Frosted Checklist

FROSTED LogoFROSTED is a mnemonic deployed as an acronym designed to assist the user in focusing on key-design elements while building or maintaining a model or analytical workbook, to ensure it is effective, usable and able to be easily audited.

It is not a modelling standard per se, as for instance the FAST Standard is, but it is an overarching checklist to be used regardless of which standards may be implemented within an enterprise.  The principles embodied in this acronym are taught in our courses and implemented in our consulting practice in building solutions for our clients.

A modelling or analytical workbook should be:


The workbook should be designed to allow it to evolve as the need to add new calculations and reports arises.  Foreseeable changes and updates should be catered for in the workbook layout and design.  Implementation of required changes should be able to be executed as easily as possible., and where possible, the risk for unintended consequences of changes should be controlled and managed.


The formulas selected and range references used should be able to cope with foreseeable changes such as the insertion of rows for new elements and the addition of new calculations.  A standardised column layout across worksheets should be implemented to ensure references are straight-forward and calculations are as simple as possible.  This will also support the easier adoption of dynamic array formulas.  Use of named ranges will assist, provided they are clearly defines and consistently applied.


The workbook layout should be segregated with drivers; inputs; historical values; calculations; forecasting series; and the reports all cleanly organised and separated onto individual worksheets. Separate worksheets should be used where multiple members of a set of business units; cost centres, products; territories; or assets  are forecast or analysed.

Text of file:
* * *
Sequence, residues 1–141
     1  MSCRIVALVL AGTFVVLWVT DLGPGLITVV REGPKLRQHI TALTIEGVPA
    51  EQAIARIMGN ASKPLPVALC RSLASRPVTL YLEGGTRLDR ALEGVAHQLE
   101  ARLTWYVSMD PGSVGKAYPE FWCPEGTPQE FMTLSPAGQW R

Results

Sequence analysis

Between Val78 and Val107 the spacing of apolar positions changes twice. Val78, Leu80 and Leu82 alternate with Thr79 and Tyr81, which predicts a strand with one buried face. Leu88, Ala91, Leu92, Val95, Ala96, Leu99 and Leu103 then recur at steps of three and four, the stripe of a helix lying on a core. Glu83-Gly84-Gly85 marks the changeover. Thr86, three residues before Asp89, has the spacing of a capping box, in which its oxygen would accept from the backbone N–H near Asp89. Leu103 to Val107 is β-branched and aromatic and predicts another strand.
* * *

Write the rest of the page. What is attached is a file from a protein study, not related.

Models should have sensitivity and scenarios built-in. Suitable control values (and embedded controls where appropriate) to drive the scenario analysis should be provided.  For analytical workbooks, where different time periods, budgets and benchmarks are to be used for comparison this is also appropriate, especially if they are then used to forecast future results.


The formulas selected to derive calculated values should be as easy to understand as possible.  They should be laid-out clearly and broken down into calculation steps to aid understanding.  This makes it easier to identify errors, make changes and gain the trust of end-users.  Where complex calculations are appropriate, the use of the LET function to break the calculation into non-redundant steps is encouraged.


The workbook should have error-checks built-in and summary error-checking page when appropriate.  An enterprise should mandate and apply a formal error checking process to determine that deployed masters are fit for purpose and do not contain errors.


There should be documentation provided to protect the investment made in the model, to enable users to safely understand, use and maintain the model.  It is far too frequently overlooked as a nice to have and not essential part of a project, but we very strongly oppose that viewpoint and suggest that for anything other than a facile project it is an essential part of the deliverables.

Was the information in this article helpful?

Invalid Input
Thanks! Do you have any suggestions to make it better?
Let us know how you think we could improve...


Invalid Input

Clarkson ITT builds & delivers
expert training, in classrooms
& online, for professionals in
finance, funds management &
accounting - developing their
skills in modelling and analysis.


+61 2 9871 0399
PO Box 104
West Pennant Hills NSW 2125
Clarkson ITT Company page